On 15 January 2021, the Supreme Court of England and Wales issued its landmark decision in The Financial Conduct Authority v Arch Insurance (UK) Ltd and others. It dismissed the insurers’ appeals in favour of insured small and medium enterprises that were represented by the Financial Conduct Authority. Commentary on the High Court’s decision, which was appealed directly to the Supreme Court in an unusual ‘leap-frog’ procedure, is available here.
While the Supreme Court decision left the outcome of the High Court decision largely in place, so far as the individual policy wordings at issue were concerned, those findings are of limited relevance to New Zealand insurers and insureds as there are significant and widespread differences between most UK and New Zealand policy terms. However, the Supreme Court’s decision is important and relevant to the New Zealand market because it contains:
a) clear rejection of the “but for” causation test in many cases of loss with concurrent causes; and
b) clarification of the extent to which trends clauses apply in the case of concurrent insured and uninsured losses.
Of considerable interest to insurers, the Court found that the much-criticised Orient-Express case, which assisted insurers to reject business interruption claims where the loss was caused by both insured and uninsured causes, was wrongly decided. In that case, the Court held that a hotel in New Orleans that suffered hurricane damage could not recover under its business interruption policy because the whole area had been evacuated (an uninsured cause) so that even if it had been undamaged, it would have had no custom. Insurers have relied upon this case for a decade to reject claims on the basis that business interruption cover was not available where the insured would have suffered business interruption loss, i.e. turnover would have been reduced to zero, in any event irrespective of the insured cause.
These findings have ramifications for New Zealand insurers and business interruption claims.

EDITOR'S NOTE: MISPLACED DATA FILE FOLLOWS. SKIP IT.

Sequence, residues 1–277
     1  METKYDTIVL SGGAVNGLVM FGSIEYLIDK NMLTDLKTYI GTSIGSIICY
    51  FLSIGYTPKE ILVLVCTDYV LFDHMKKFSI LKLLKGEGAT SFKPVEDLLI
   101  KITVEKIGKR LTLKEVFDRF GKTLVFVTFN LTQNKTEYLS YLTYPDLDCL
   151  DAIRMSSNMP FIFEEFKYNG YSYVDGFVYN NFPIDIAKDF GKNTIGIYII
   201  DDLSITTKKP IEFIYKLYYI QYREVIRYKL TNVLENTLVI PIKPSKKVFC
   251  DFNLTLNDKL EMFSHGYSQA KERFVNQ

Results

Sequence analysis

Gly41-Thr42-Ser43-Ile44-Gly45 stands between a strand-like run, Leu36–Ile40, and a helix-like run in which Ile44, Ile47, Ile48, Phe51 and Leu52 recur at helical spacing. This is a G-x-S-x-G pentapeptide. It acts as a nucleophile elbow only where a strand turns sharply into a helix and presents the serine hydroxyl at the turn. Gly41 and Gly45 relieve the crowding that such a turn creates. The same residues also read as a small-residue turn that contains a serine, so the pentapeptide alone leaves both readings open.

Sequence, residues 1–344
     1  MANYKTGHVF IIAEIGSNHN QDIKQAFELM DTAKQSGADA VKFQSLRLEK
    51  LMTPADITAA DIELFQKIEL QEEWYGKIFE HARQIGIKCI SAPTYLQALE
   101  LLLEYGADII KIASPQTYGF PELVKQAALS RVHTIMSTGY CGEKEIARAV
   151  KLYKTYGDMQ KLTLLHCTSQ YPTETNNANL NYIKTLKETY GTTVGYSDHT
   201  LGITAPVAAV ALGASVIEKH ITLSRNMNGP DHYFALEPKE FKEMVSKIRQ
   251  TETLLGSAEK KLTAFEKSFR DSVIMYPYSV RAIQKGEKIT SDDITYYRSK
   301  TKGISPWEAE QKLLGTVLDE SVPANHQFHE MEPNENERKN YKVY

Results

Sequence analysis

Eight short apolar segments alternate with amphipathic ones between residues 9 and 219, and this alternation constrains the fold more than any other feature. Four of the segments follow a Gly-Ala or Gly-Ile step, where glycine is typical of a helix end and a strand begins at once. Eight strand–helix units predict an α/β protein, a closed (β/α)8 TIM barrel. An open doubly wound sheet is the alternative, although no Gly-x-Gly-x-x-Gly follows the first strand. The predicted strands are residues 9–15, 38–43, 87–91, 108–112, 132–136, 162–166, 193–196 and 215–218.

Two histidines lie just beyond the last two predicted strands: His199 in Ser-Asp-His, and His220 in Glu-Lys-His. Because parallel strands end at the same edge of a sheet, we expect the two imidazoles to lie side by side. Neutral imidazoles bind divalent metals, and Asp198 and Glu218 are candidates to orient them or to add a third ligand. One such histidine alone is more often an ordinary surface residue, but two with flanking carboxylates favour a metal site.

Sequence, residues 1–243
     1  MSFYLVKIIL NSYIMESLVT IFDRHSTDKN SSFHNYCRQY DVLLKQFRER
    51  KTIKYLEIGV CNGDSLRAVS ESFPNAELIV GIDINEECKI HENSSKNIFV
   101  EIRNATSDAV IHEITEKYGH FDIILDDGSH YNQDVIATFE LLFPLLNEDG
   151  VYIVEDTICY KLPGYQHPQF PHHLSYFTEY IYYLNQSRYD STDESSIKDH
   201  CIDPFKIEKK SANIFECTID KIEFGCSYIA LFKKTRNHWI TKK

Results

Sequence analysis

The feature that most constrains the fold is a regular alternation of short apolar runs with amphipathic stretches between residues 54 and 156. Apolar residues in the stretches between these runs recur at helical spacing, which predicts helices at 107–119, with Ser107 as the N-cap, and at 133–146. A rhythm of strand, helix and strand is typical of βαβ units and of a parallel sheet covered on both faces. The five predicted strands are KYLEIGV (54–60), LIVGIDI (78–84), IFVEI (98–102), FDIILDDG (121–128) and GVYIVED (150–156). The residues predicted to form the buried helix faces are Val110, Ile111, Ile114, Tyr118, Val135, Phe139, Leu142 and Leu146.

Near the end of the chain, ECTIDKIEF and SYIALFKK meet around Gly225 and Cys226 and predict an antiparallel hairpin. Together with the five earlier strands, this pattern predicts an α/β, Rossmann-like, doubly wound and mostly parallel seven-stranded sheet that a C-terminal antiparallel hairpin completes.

(a) Causation in business interruption claims
Following the onset of the COVID-19 pandemic, governments around the world imposed measures with the aim of preventing citizens from interacting with each other in close proximity. One of the most common measures was the ordered closure of businesses. Naturally, businesses that were subject to closure orders (assuming other means of trading, such as online ordering, were not able to continue) suffered revenue losses. Many lodged business interruption insurance claims. Most were rejected on the basis that the loss suffered as a result of the Government-imposed closure measures was not proximately caused by an insured peril, e.g. cases of the disease within a defined radius of the premises. The insurers argued that, “it cannot be said that, but for any individual case of illness resulting from COVID-19, the Government measures would not have been taken.”
The Supreme Court, agreeing with the High Court, found that “in the present case it obviously could not be said that any individual case of illness resulting from COVID-19, on its own, caused the UK Government to introduce restrictions which led directly to business interruption. However, as the court below found, the Government measures were taken in response to information about all the cases of COVID-19 in the country as a whole.”
While the Supreme Court’s reasoning varied slightly with respect to each category of insuring clause (disease, prevention of access and hybrid clauses), the common thread was that cover was available where the insured could show that Government-imposed measures which caused interruption were in turn caused in part by an insured peril e.g. a case of the disease in the defined radius in the insuring clause, even though they were also a result of uninsured causes e.g. cases of the disease outside the defined radius.
This is a departure from traditionally held views on causation. It will require insurers to consider whether equally contributory insured and uninsured perils that result in business interruption may be separated and treated as distinct. If not, and the underlying cause of interruption is the same across insured and uninsured perils, it will not be possible for insurers to rely upon “but for” causation to deny cover.
This is a departure from traditionally held views on causation
Notwithstanding the above, two important features of the decision will be welcomed by insurers:
- The Court reiterated the long-held position that cover is not available where loss is suffered as a result of equally causative insured and excluded perils. However, the Court took a dim view of the insurers’ attempt to rely upon an epidemic exclusion which was buried deep in the policy wording and which directly contradicted the insuring clause extension. The Court in effect found that the exclusion did not apply because no reasonable reader would assume that cover was intended to be removed by an obscure exclusion. If that was intended, the insurer would have done so transparently as part of the insuring clause.
- The Court’s rejection of “but for” causation may not be appropriate where it is possible to apportion financial loss resulting from insured and uninsured causes. In such a situation, insurers are entitled to look to actual insured losses and exclude uninsured losses, keeping the following in mind: